The Ridgefield Board of Education will not vote on a special appropriation because a projected deficit has been mitigated. During their meeting earlier this week, it was announced that the spending freeze enacted in September has resulted in savings. Health benefit claims have also come in lower than previous years. Ridgefield school officials had been looking at a deficit after 8 new students with special education plan had to be placed out of district, along with 3 other students already enrolled when the budget was crafted. About a dozen special education related settlements were also a factor.
A Connecticut man stopped by Ridgefield Police for texting while driving, has been arrested on drug related charges. 35-year old William Garcia-Perez of Stamford was pulled over Tuesday night. K9 Loki detected narcotics and a search found the 35-year old in possession of 2.5 grams of marijuana and 8.5 grams of crack cocaine. Garcia-Perez was also cited for driving with a suspended license. He was released on bond for a court appearance on the 24th.
Western Connecticut State University is participating in the Day of Silence today. It's a student-led national event where participants take a vow of silence to highlight the silencing of LGBTQ+ persons at school. West Conn's event is hosted by the Gender and Sexuality Alliance and supported by the Office of InterCultural Affairs. Day of Silence, last held at WestConn in 2015, is aimed at having participants think about issues still to be tackled and to make West Conn a more inclusive place.
A local lawmaker is speaking out about some attempts to undercut regionalization efforts that are working, while proposing ideas that won't. Redding Representative Adam Dunsby, who also serves as Easton First Selectman, was critical of plans to defund the regional fire school in Fairfield. He also says a failed bill proposed taking money from regional Councils of Government to create a new state department to study regional efficiency.
Autism Awareness and Acceptance Day was held at the state capitol yesterday. Newtown Representative Mitch Bolinsky says education is a primary factor in reversing the stigma associated with those who have been diagnosed with Autism Spectrum Disorders. Bolinsky says inclusiveness and understanding are key to building strength within communities, He says opportunities for employment, volunteering and socializing are great ways to build great lives.The event was sponsored by the Connecticut Autism Advocacy Coalition.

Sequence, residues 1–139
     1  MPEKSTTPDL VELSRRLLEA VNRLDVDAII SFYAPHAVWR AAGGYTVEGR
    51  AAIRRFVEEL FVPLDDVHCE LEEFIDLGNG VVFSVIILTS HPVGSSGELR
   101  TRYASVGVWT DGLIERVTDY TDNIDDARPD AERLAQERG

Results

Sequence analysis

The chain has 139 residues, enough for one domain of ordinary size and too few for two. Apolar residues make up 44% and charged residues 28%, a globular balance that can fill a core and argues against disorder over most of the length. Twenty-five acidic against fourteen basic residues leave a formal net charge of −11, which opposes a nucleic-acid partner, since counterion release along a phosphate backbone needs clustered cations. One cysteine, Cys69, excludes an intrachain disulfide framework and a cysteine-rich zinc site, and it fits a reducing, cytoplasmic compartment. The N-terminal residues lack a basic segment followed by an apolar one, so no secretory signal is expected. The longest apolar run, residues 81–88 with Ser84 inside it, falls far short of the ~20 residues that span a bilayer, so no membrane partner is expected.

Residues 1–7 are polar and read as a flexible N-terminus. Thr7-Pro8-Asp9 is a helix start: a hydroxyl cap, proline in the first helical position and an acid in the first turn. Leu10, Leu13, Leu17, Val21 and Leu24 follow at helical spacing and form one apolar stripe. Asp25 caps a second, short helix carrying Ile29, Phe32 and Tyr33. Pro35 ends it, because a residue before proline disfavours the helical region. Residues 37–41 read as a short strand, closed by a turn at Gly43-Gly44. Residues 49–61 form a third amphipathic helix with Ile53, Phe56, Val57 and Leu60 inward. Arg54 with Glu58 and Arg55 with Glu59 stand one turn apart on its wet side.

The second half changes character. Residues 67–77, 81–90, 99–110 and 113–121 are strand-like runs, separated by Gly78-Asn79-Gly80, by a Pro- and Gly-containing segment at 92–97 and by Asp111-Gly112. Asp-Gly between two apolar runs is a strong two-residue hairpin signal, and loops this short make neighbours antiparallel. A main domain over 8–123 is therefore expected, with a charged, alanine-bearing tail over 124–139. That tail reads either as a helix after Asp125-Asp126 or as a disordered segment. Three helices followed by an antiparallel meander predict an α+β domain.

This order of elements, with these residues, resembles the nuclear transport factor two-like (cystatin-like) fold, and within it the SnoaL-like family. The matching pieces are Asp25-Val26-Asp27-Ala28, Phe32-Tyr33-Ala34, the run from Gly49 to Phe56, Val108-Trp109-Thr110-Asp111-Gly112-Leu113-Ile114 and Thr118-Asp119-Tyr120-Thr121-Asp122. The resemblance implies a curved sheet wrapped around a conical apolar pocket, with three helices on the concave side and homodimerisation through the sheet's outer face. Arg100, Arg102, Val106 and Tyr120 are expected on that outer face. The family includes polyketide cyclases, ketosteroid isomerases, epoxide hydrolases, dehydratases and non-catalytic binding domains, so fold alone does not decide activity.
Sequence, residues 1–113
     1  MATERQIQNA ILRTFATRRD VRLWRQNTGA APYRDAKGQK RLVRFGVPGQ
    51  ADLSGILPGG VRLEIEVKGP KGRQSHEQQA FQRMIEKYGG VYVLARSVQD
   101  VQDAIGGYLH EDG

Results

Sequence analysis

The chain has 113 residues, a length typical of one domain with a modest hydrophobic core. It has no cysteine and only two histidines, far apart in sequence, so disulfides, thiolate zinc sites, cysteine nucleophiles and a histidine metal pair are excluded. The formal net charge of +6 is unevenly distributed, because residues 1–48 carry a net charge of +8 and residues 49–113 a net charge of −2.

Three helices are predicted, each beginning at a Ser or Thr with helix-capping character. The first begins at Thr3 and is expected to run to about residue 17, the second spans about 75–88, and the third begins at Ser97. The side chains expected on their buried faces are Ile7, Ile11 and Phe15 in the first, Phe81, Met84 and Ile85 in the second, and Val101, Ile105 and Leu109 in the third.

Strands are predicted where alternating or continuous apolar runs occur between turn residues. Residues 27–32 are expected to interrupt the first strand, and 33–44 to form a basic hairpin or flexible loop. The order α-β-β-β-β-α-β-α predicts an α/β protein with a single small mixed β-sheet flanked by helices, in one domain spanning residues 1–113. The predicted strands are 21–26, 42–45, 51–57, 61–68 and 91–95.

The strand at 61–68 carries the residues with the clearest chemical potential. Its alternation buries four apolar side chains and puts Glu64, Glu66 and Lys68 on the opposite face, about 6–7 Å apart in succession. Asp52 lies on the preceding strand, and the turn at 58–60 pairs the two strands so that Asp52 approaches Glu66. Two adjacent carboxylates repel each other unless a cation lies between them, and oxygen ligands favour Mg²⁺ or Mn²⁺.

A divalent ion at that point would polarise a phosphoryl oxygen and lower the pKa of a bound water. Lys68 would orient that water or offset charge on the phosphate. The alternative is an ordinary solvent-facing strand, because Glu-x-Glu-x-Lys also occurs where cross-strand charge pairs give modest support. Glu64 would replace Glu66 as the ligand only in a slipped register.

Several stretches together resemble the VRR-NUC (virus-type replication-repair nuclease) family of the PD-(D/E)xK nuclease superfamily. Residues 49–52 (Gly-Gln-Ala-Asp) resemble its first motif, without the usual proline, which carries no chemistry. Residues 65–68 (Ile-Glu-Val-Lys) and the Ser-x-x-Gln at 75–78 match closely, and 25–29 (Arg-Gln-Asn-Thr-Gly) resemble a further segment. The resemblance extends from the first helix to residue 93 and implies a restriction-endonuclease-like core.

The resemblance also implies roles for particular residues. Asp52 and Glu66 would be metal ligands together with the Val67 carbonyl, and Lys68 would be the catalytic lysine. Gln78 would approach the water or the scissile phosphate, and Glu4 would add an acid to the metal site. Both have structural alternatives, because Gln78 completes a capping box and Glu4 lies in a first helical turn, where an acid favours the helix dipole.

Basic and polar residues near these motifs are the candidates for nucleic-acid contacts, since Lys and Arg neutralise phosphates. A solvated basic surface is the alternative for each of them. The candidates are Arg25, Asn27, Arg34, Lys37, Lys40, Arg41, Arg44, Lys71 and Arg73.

Immigrant students without legal status say they're optimistic legislation making them eligible for institutional financial aid will pass the Connecticut General Assembly. The bill passed the Senate on Wednesday by a 30-5 vote. It now moves to the House of Representatives, where it has not been called for a vote in previous years. This year's version includes some new requirements for applicants.
Some students from Danbury High School used part of their spring break this week to lobby state lawmakers for a bill which would equalize access to higher education institutional college aid for undocumented students in Connecticut. Institutional aid is funded by tuition revenue, and despite paying into the system, undocumented students are currently barred from accessing that aid.
More than 250 people submitted testimony in support of the bill during a public hearing last month.
Evelin Garcia tried to obtain legalization through her U-S citizen grandfather, but she encountered issues and became undocumented. Garcia graduated from WCSU in 2017, a recipient of the CSU Henry Barnard Distinguished Student Award. The recognition is presented to the top 12 students in the state. But she says it wasn't easy, because she didn't have access to institutional financial aid.
The Office of Fiscal Analysis concluded that the proposal would have no fiscal impact on the state or on the higher education system.
The bill is supported by WestConn President John Clark. Connecticut allows the students to pay in-state tuition as long as they have spent at least two years at a Connecticut high school. But they can’t apply for any government money, including the institutional aid.
Opponents have argued that allowing the students to access financial aid would mean less money for those in the country legally.
A meeting is being held in Ridgefield tonight about proposed rehabilitation of the Norwalk River Great Swamp Dam. The state Department of Energy and Environmental Protection is looking to craft a plan to rehabilitate the dam so it meets current safety, performance, and design criteria. The dam provides flood protection to residents of the Towns of Redding and Ridgefield and enhances habitat for wetland wildlife.